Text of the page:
Andreano: The proposal to address the so-called “black hole” issue is very helpful. The existing rule unintentionally limits the ability of a creditor to add or increase fees based on last-minute changes, even when the borrower requests changes on the eve of closing. The proposal would create greater flexibility for a creditor to revise fees based on changes but still protect the consumer from unsupported fee changes.
Levonick: In the most helpful category, I’d list the tolerance for total of payments, the inclusion of all cooperatives (versus relying on state-specific definitions), and the guidance around the nuances of construction loans. There isn’t one single thing that is a “slam dunk,” but in the aggregate, the numerous refinements give lenders more objective standards to meet in the manufacturing process, which will lead to fewer errors.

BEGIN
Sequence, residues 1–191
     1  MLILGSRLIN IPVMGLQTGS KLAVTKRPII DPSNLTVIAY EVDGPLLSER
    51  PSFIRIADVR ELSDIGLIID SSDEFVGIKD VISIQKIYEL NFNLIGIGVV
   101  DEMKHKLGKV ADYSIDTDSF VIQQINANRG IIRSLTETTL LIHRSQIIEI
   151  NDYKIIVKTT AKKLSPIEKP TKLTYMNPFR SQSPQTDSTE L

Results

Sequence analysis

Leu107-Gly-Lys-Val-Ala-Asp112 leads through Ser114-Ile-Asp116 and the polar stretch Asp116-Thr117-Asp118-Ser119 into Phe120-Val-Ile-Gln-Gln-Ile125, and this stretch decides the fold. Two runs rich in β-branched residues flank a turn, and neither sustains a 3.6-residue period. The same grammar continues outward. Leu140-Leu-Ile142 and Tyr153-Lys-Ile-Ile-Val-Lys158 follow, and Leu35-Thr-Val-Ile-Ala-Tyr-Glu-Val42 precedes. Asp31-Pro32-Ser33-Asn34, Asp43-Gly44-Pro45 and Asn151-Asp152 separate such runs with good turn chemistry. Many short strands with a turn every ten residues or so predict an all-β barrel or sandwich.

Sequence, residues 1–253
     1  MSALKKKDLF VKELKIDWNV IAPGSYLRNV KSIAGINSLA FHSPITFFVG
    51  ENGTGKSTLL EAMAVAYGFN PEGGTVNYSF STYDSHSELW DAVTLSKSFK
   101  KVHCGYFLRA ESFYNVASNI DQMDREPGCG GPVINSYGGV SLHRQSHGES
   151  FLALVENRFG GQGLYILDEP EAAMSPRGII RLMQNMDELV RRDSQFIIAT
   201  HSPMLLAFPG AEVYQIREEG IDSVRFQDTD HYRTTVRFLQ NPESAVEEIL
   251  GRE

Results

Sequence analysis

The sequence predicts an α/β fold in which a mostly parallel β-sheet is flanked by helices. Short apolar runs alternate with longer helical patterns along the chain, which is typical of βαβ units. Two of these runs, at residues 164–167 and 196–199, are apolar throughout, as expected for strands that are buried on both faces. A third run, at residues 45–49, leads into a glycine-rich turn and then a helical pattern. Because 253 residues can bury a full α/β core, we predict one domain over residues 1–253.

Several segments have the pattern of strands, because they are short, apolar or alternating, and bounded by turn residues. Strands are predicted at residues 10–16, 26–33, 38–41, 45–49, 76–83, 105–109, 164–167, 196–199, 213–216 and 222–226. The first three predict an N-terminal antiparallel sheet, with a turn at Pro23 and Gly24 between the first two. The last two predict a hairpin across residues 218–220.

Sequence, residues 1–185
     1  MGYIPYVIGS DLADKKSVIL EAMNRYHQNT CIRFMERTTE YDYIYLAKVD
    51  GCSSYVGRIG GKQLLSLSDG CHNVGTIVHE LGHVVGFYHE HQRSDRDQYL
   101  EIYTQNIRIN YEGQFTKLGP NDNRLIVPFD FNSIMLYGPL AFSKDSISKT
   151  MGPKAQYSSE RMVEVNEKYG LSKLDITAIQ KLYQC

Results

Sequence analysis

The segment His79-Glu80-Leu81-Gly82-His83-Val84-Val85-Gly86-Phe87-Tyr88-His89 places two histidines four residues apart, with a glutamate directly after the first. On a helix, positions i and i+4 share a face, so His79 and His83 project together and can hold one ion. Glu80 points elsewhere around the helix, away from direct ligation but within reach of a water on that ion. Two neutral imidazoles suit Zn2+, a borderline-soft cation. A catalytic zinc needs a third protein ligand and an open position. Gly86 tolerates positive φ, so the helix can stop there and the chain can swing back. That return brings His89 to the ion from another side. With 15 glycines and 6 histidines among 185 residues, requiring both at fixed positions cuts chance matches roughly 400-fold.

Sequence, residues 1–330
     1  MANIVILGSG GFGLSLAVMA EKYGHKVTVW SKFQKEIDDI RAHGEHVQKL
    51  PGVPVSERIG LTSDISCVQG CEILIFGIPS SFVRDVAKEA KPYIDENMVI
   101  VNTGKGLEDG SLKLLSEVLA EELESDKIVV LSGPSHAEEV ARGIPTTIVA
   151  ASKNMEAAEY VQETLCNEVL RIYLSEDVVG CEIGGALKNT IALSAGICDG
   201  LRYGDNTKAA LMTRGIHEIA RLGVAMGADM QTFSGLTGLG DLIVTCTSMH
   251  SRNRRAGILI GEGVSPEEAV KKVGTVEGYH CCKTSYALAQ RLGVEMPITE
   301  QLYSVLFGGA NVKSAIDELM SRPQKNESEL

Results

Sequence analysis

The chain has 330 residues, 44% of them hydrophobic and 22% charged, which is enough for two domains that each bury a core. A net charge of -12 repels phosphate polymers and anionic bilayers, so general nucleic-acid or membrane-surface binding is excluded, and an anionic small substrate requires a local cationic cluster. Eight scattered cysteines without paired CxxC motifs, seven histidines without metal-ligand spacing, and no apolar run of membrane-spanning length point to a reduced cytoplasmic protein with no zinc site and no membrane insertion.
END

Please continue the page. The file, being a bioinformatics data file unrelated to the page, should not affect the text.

Lee: The most helpful clarifications relate to the fees paid by the borrower or on behalf of the borrower, which are not within the sphere of control of the lender. These include property taxes (which were clarified by amendment), seller paid fees, transfer taxes and recording fees. Over the past few months, consumers have received an inestimable windfall due to repayment and cure of fees that have nothing to do with the lender’s compensation. One huge clarification is on construction-to-permanent loans. In my experience, the lack of rule-based guidance has chilled access to credit. Investors are very skittish about providing those products without clear direction on TRID compliance. The construction-to-permanent market is on fire – but without a broad investor market, access to credit is being synthetically altered by compliance risk rather than credit risk.